Dorothea Dix Term Papers

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Who was Dorothea Dix? Well, for starters, Dix was an author, teacher, and reformer. In the Civil War, she was a Wartime leader of Union’s Women Nurses, volunteering her services one week after war began. She was the first woman to serve in a high capacity, federally appointed role. She had poor health, which made her bed-bound many times in her life. This is when she wrote most of her books, staying up late to do so. Dix started the Asylum Movement, a reformation that led to the mentally ill and prisoners being given humane conditions to live in. She was physically ill most of her life, and it is suspected she suffered from depression and occasionally mental breakdowns, which may have encouraged her quest for reformation even more. Dorothea Dix represents conflict because she wrote books for the “Asylum Movement,” taught the mentally ill and prisoners, and caused the reformation of hundreds of hospitals. Dix was the eldest child and only daughter of Joseph Dix and Mary Bigelow. She was born on April 4, 1802, in Hampden, Maine, on …show more content…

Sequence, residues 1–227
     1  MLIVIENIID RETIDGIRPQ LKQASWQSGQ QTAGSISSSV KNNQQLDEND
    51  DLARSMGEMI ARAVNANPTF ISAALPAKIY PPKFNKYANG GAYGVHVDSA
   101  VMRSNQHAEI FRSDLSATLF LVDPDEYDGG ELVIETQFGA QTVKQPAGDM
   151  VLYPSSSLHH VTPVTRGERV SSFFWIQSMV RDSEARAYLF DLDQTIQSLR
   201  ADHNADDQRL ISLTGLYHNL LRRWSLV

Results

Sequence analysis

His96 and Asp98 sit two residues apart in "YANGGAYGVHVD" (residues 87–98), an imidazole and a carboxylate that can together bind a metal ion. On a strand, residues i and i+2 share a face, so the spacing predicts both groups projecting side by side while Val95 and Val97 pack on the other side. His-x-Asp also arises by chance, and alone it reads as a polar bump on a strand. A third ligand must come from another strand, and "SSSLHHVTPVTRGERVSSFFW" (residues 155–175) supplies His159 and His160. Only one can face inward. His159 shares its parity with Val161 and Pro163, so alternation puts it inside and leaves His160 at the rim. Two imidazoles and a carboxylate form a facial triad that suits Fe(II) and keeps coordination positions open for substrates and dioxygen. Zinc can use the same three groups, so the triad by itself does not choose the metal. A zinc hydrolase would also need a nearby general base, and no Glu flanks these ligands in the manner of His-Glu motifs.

The internal surface of the walls was covered with a thick frost…the only bed was wet, and the outside covering was completely saturated with drippings from walls and stiffly frozen. (American Nation Biography quoted Dix’s Report) (Describing the mentally ill man [Simmons]) “In utter darkness, encased on every side by walls of frost, his garments [were] constantly more or less wet, with only wet straws to lie upon, and a sheet of ice for his covering, has the most dreadfully abused man existed through the past inclement winter…his teeth must have been worn out by constant and violent chattering for such length of time, night and day.” (American National Biography quoted

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